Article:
Make Swachh Bharat people’s campaign: PM Narendra Modi

“If we consider this to be the government’s campaign or Modi’s campaign, it won’t succeed. It should become our campaign; from the PM to the ordinary person, no one has the right to litter,” said Modi.

By: Express News Service | New Delhi | Published: October 3, 2015 2:56:40 am
Swachh Bharat, Swachh Bharat Mission, Swachh Bharat anniversary, Swachh Bharat abhiyan, Swachh Bharat campaign, cleanliness drive, PM Swachh Bharat abhiyan, Beyond the News, indian express, india news, nation news Narendra Modi wields a broom with NDMC workers to launch ‘Swachh Bharat Abhiyan’. (Source: PTI/file photo)

Prime Minister Narendra Modi said on Friday that the Swachh Bharat Abhiyan won’t be a success unless it becomes a people’s campaign.

“Cleanliness primarily is a matter of habit and once that habit sets in, you will never tolerate filth. In our country, people are very conscious of personal hygiene, but social hygiene has been dismal,” said Modi, adding that equal importance should be given to both.

“If we consider this to be the government’s campaign or Modi’s campaign, it won’t succeed. It should become our campaign; from the PM to the ordinary person, no one has the right to litter,” said Modi.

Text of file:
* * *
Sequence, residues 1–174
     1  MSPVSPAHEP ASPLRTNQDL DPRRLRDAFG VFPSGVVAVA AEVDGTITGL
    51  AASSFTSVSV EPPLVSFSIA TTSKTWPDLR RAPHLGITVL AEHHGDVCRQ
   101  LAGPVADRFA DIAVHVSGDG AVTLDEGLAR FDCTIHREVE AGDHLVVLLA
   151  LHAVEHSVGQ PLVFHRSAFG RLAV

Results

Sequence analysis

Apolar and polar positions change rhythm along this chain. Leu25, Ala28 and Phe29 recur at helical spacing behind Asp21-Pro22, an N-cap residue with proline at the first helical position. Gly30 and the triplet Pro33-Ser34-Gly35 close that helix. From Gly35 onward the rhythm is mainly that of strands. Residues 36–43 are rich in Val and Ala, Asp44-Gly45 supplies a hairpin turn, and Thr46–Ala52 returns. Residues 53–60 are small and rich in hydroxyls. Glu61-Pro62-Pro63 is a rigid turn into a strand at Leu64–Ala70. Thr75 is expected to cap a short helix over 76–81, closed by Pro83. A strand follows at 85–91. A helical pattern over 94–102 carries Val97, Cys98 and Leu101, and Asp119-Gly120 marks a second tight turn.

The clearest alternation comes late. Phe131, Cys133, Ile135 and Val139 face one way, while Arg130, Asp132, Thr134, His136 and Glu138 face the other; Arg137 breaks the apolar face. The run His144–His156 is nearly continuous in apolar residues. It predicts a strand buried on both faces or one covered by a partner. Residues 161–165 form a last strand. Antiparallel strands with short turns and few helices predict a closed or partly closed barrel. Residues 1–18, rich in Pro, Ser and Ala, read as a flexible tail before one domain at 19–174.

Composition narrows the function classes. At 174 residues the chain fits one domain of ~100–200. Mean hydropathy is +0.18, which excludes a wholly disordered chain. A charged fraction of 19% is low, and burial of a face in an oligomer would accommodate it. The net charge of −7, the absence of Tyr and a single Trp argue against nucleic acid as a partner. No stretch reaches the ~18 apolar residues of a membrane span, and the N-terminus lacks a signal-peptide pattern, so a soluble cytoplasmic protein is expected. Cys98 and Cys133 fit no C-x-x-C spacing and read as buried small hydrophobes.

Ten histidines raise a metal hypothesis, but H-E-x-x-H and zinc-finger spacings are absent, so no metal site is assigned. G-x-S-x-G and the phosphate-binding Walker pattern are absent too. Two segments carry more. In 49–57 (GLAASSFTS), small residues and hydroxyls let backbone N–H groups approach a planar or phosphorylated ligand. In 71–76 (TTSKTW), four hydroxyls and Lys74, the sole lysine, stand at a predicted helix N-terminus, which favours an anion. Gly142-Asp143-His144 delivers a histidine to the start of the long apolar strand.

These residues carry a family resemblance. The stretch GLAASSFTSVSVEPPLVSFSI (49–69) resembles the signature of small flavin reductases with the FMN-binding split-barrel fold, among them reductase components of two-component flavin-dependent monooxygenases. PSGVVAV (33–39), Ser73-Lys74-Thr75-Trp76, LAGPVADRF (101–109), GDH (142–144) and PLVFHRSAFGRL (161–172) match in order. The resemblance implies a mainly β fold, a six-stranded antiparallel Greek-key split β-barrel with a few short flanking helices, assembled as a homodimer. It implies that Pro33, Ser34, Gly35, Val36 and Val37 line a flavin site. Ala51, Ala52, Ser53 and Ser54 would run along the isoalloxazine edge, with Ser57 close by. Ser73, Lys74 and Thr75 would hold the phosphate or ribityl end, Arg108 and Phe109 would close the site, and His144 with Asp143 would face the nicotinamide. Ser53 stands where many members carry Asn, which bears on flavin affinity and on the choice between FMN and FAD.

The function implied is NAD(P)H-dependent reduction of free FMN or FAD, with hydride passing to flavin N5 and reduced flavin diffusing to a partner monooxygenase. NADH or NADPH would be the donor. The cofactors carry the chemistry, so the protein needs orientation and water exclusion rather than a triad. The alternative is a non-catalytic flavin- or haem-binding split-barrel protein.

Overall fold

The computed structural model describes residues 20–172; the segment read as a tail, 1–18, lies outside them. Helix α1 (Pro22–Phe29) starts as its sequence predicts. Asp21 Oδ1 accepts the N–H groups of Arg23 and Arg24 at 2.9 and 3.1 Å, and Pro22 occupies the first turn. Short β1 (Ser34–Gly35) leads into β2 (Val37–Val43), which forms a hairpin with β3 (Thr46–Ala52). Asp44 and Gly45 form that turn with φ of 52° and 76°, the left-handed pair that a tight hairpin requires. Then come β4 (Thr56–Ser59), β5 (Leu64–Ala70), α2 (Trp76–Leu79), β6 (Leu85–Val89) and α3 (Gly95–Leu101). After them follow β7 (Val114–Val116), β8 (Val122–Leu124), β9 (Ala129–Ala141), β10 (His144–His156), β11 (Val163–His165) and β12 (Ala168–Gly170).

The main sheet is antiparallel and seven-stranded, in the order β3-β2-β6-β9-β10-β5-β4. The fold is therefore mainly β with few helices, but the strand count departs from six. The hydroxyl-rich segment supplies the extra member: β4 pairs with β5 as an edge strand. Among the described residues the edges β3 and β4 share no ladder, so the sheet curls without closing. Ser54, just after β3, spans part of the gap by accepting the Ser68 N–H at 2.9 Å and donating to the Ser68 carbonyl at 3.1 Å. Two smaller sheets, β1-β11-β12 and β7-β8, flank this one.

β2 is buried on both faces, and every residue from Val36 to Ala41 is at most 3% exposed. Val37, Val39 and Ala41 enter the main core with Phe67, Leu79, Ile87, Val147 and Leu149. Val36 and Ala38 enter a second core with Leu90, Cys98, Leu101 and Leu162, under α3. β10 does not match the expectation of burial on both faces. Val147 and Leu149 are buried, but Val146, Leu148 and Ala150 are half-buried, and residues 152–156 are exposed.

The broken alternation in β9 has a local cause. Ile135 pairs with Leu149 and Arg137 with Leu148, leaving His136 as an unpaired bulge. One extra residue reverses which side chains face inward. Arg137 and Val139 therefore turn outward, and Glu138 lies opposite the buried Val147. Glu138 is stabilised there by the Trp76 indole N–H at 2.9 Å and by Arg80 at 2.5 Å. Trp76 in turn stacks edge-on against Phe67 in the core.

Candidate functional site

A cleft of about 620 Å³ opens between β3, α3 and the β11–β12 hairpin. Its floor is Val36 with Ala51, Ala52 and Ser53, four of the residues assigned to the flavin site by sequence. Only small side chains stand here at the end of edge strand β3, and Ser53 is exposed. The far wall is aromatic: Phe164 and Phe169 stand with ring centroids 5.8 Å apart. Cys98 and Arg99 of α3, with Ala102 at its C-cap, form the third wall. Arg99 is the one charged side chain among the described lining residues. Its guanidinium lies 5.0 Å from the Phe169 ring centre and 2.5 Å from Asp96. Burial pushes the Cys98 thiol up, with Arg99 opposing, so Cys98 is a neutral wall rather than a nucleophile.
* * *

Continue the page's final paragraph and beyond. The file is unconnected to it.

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The PM was speaking at an award ceremony organised by India Today to mark the first anniversary of the Swachh Bharat Abhiyan. Modi said 95 lakh toilets were built in the country as against the target of 60 lakh. He said there has been intensive capacity building across all

districts.

“Our nation is large, the attitudes vary and the challenges are many, but 125 crore people can take (Mahatma) Gandhi as an inspiration and decide to bring about a change,” he said.

Talking about the importance of converting waste to energy, Modi said the concept of reusing and recycling is not a western import but intrinsic to Indian culture.

Explaining the long-term gestation period of such a drive, Modi cited the examples of Singapore, Malaysia, Thailand and South Korea, where the cleanliness campaigns were kick-started in the ‘60s.

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